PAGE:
23 Ill. 207 (Ill. 1859), Taylor v. Coffing
|Citation:||23 Ill. 207, 23 Ill. 273|
|Opinion Judge:||Mr. WALKER, JUSTICE.|
|Party Name:||EDMUND D. TAYLOR v. CHURCHILL COFFING et al|
|Attorney:||Mr. S.W. FULLER, and Mr. C. B. WAITE, for the plaintiff in error. Mr. T. L. DICKEY, and Mr. C. BECKWITH, for the defendants in error.|
|Judge Panel:||JUSTICE WALKER, CHIEF JUSTICE CATON, dissenting:|
|Court:||Supreme Court of Illinois|
WRIT OF ERROR to the Circuit Court of La Salle county.
The facts of this case are fully stated in 18 Ill. 422. A rehearing having been granted, the following opinions were filed.
To determine correctly, the rights of the parties in this case, we must ascertain their intention, in executing the deed of sale by Coffing to Taylor, and the covenant from Taylor to him, of the same date. If this court gave them their true construction, when this case was considered on a former occasion, the conclusion then arrived at is undoubtedly correct. But if their intention was misapprehended, the account then stated between the parties was erroneous to a large amount. Coffing, by that deed, sold to Taylor his interest, as a partner in the firm, by this language: "Has sold, transferred, assigned and set over, and by these presents does sell, transfer, assign and set over to the said E. D. Taylor, his heirs and assigns, all my right, title and interest in and to all property, debts, accounts, notes, books and papers belonging to the firm of Taylor & Coffing (except the indenture given by Coffing to Taylor & Coffing aforesaid,
which is to stand and remain as it is, unaffected by this deed of sale)," and Taylor, by his covenant of the same date, bound himself to pay all the debts owing by the firm, and also to credit the indenture given by Coffing, as referred to in his deed, by the sum of five thousand dollars, the amount allowed him by Taylor for his interest in the Illinois River Bank, and in the Salisbury Plank Road Company.
It was held in 18 Ill. 492, in giving to Coffing's deed a construction, that it neither passed to Taylor the capital advanced to the firm by Coffing, nor his account with the firm. In that conclusion I am unable to concur.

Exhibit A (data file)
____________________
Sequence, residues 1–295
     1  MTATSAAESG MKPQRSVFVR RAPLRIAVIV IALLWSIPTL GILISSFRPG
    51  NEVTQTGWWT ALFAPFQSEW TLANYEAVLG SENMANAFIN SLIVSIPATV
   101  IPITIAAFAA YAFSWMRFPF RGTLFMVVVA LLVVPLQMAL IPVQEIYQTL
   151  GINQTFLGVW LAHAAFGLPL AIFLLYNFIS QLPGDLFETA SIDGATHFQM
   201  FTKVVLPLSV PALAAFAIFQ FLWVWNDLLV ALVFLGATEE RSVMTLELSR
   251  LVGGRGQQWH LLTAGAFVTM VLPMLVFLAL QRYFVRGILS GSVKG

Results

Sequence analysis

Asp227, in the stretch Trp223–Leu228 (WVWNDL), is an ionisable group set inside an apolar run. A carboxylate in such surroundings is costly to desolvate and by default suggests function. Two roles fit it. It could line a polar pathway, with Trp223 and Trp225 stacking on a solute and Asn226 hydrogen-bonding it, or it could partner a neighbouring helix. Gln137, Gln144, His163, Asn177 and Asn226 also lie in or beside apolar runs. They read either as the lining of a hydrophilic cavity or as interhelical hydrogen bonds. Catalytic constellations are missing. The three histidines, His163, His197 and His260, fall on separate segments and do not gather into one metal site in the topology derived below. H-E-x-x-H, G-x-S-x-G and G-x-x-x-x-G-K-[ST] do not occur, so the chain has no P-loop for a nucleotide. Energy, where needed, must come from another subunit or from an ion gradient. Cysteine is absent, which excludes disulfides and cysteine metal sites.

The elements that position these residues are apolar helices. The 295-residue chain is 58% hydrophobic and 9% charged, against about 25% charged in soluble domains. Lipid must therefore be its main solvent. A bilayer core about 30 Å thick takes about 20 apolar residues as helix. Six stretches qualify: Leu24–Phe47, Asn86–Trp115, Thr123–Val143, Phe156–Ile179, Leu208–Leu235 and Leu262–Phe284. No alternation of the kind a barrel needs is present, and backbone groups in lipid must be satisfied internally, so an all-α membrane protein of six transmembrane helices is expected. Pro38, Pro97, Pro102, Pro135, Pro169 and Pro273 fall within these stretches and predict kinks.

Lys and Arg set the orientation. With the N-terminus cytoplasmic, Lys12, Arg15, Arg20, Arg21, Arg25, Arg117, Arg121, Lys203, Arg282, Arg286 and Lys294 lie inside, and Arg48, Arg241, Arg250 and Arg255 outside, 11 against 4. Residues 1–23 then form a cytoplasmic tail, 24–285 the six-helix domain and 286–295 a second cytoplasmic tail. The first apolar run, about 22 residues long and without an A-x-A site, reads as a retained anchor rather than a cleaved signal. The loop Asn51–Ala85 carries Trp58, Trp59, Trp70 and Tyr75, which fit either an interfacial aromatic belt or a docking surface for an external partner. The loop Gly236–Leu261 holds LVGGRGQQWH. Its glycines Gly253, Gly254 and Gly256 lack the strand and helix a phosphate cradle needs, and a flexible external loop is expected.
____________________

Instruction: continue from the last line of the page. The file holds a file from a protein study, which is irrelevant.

This deed, by the language employed, undoubtedly passed to Taylor all of his interest, of every description, in the firm, except in the instrument denominated an indenture, which was, on its face, an absolute conveyance of certain real estate, to defeat which, Coffing held a defeasance from Taylor, which rendered it in effect a mortgage. That was the only interest in the firm, whether consisting of property, debts, choses in action, claims or equities, whether between the firm and other parties, or between the members of the firm, in which Coffing had an interest which was reserved. And the very fact that it was reserved, by express language, renders it evident, to my mind, that no other right or interest was intended to be reserved. He transferred his interest in the books of the firm, and if kept in this instance, according to commercial usage, there was opened in them a stock account in the name of each member of the firm, in which he was credited by the capital stock advanced by him, and charged with any portion of it which he may have afterwards withdrawn. And as it was not shown in evidence that such accounts were not opened, the presumption may be indulged that they were opened in accordance with this general commercial usage. If such accounts were opened in these books, they were accounts that every accountant would say must be taken into consideration in making up a balance sheet, on a final settlement of the firm affairs, between the partners. And on such a settlement, Coffing would have had the right to receive the excess of his capital over Taylor's, with interest upon one-half of that excess out of the firm effects, before Taylor received any thing. Coffing would be a credit
of the firm, on a final settlement of its affairs by the partners, to that extent. He and Taylor, after he had received that amount, would be equal in capital, which would have to be paid out of the property and effects of the firm, and then each would be entitled to one-half of the profits, if any were realized. They were each creditors of the firm, and had an interest in the firm property, debts, accounts, notes, books and papers, to that extent. And when Coffing granted all of his interest in these effects of the firm, I am at a loss to perceive how this interest did not also pass. The language employed is sufficiently comprehensive for the purpose, and the stock is not reserved by the deed. I am, therefore, of the opinion, that he by this deed transferred to Taylor, all right to receive from the firm, or from Taylor, any portion of the capital stock advanced by him. If it was not intended to pass, why was it not reserved in the deed, as was the mortgage?
This construction is fully sanctioned, I think, by commercial usage. It is believed the commercial world understands, that when a partner sells his interest in a copartnership without reservation, to a person not a member of the firm, the capital advanced by him passes to the purchaser.
If a bequest were made by a testator, of all his interest in a copartnership, of which he was a member, and the same language were employed, as is in the granting part of this deed, it is believed that no one would contend that the executor, as against the legatee, would have a right to withhold the capital stock advanced by the testator. Or, if the interest of...
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